Another proposal has been chosen for a new affordable development in East Flatbush as part of the state’s effort to revitalize neighborhoods in Central Brooklyn. Gov. Andrew Cuomo on Thursday announced plans for a 322-unit complex called “Utica Crescent” that will be constructed on a lot next to the Kingsbrook Jewish Medical Center. The project is part of the $1.4 billion Vital Brooklyn initiative that will ultimately bring 4,000 units of affordable housing, improved health and wellness options, jobs, and additional open space to underserved Brooklyn neighborhoods.
Created by the Olmsted and Vaux firm, this map shows the original plans for Prospect Park, as well as the historic reservoir at Grand Army Plaza (1871); Courtesy of the Brooklyn Historical Society
The Brooklyn Historical Society on Thursday launched a user-friendly online portal that contains the institution’s collection of nearly 1,500 maps of Brooklyn dating back to 1562. While researchers will no doubt appreciate the new accessibility to the unique maps, the tool is also a fun way for all residents of the borough to explore the evolution of their neighborhood over the last four centuries. From rare Revolutionary War maps and original plans for Prospect Park to a subway map detailing how to get to Ebbets Field, the maps span more than 450 years and include transit maps, cultural maps, survey charts, and more.
Photos Courtesy of Brown Harris Stevens
There’s a lot to love about this $5.9 million Boerum Hill townhouse. The four-floor owner’s residence has five bedrooms, including a top-floor master suite with an entire ceiling of skylights. It also has a convenient deck off the kitchen. But what makes this such a great investment is the garden-level, income-generating rental apartment. It’s a one-bedroom unit, but it opens directly to the lovely backyard.
Southern facade; Photo credit: Simia Rassouli
The fight continues over a proposed new development on a large stretch of land in the Crown Heights North Historic District II with an online petition opposing the project collecting over 4,000 signatures. A neighborhood group, Friends of 920 Park, hopes to stop the construction of a seven-story, 182-unit apartment building on land at 959 Sterling Place (920 Park Place), originally the site of the Methodist Home for the Aged and currently the home of the Hebron French Speaking Seventh Day Adventist School. The renewed fight against the project comes ahead of a Brooklyn Community Board 8 and Landmarks Preservation Commission public hearing on the plan later this summer.
Photo of Crye Precision face masks, courtesy of the Brooklyn Navy Yard
Face shields, ventilators, cloth masks, hand sanitizer–this is just some of the personal protective equipment being produced by manufacturers at the Brooklyn Navy Yard. To help their tenants who have shifted from their normal business models to make PPE during the pandemic, the Brooklyn Navy Yard Development Corporation (BNYDC) announced today a a new initiative called “Made at the Yard.” The program includes an online e-commerce portal where tenants can market and sell PPE and related products, as well as PPE vending machines and partnerships with West Elm and Wegmans.
2018 Smorgasburg; Photo by Scott Lynch
Popular outdoor food market Smorgasburg returns to Williamsburg next week with a new takeout-only model. As Eater New York first reported, “Smorg To Go” will launch on Monday, July 20, with 10 vendors serving fare at 51 North 6th Street at Kent Avenue, a block from the market’s typical summer location at Marsha P. Johnson State Park. The new takeout market will operate seven days per week with a rotating list of vendors.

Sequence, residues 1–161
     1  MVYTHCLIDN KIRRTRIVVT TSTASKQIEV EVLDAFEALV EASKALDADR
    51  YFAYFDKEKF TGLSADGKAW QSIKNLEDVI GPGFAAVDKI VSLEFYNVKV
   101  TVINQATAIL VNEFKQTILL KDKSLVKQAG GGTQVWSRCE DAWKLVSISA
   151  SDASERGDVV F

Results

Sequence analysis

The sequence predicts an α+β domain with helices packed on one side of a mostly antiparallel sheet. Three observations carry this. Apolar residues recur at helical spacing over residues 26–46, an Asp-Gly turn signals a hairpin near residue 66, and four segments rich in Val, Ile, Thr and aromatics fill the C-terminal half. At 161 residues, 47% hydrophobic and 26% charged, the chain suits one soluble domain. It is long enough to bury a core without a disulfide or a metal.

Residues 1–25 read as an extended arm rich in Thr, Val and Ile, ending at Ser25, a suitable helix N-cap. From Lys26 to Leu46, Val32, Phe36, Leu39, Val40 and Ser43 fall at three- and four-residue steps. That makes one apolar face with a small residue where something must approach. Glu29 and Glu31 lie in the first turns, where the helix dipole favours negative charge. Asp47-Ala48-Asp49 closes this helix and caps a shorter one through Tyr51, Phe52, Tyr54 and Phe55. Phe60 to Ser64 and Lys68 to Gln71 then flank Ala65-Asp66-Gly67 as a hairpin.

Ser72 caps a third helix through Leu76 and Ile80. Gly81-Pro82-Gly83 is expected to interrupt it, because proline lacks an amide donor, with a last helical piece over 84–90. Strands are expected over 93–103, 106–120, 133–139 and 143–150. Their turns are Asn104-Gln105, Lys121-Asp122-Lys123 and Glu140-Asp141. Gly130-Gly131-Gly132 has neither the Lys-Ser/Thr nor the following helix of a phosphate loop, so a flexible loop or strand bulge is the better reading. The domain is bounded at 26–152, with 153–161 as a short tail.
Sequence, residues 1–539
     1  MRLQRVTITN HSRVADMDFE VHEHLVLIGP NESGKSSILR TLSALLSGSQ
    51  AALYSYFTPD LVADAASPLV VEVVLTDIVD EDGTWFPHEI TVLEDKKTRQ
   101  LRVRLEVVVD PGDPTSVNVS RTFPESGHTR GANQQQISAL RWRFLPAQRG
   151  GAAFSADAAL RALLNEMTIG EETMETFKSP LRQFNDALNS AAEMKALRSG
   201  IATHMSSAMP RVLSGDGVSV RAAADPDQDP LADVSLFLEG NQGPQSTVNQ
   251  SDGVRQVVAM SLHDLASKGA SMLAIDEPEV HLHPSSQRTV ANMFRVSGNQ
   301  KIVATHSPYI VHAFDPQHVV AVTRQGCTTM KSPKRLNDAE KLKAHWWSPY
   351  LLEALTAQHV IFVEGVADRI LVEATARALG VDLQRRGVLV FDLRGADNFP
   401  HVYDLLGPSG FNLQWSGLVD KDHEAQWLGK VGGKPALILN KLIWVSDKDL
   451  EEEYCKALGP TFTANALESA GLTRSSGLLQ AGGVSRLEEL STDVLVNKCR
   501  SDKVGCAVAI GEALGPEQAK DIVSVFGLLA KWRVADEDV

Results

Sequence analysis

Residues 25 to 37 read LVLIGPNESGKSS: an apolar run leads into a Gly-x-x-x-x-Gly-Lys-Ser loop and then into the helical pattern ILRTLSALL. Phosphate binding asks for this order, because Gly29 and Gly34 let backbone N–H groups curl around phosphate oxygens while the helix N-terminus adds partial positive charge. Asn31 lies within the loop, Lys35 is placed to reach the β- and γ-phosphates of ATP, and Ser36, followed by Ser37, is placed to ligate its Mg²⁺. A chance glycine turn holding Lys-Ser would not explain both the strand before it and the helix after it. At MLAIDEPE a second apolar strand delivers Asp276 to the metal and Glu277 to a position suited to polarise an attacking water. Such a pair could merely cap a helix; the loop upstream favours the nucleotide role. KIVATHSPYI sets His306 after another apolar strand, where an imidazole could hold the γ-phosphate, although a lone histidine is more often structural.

“Back to the Future,” Bjarke Ingles Group and Arup
The coronavirus pandemic has highlighted the importance of public space, especially in a city like New York, where residents lack private backyards and most common spaces are too narrow for proper social distancing. A design contest launched earlier this year looking for ideas on how to improve the overcrowded pedestrian promenade of the Brooklyn Bridge, where thousands of walkers and cyclists fight for space daily. The Van Alen Institute and the New York City Council on Thursday announced the six finalists for the “Reimagining Brooklyn Bridge” design contest, with selected proposals calling for less space for cars and more for people.
Photo credit: Vistabee
The Mill at 376 President Street in Carroll Gardens is a Civil War-era jute warehouse that’s been transformed into a 55-unit condo building, and many of the loft-like units feature architectural details from this time. This two-bedroom apartment, listed for $1,450,000, features many of these elements, including original red oak beams, wood hewn ceilings, and exposed brick. On top of all that charm, it has a sunny outdoor patio.
The Barclays Center has made many headlines recently, as it’s served as a hub for the city’s Black Lives Matter protests. And some locals hope to keep this momentum going and are pushing for the arena to be renamed for Brooklyn Dodgers player Jackie Robinson, the first African American Major League Baseball player. Arthur Piccolo of Park Slope actually began the effort back in 2006, but recently revived it, telling the Brooklyn Paper, “You’re seeing certain individuals being criticized and their statutes rightly removed, and here’s the opportunity to do something symbolic.”
Courtesy of the Dumbo Improvement District
Over the weekend, nearly two dozen streets currently closed to cars opened to outdoor dining, including one of New York City’s most photographed blocks. In the Brooklyn neighborhood of Dumbo, outdoor dining was expanded onto several streets, like on Washington Street between Water Street and Front Streets, where the Manhattan Bridge is perfectly framed between buildings. As part of the expanded open restaurants program, the Dumbo restaurants can take over the streets on Friday nights and weekends only.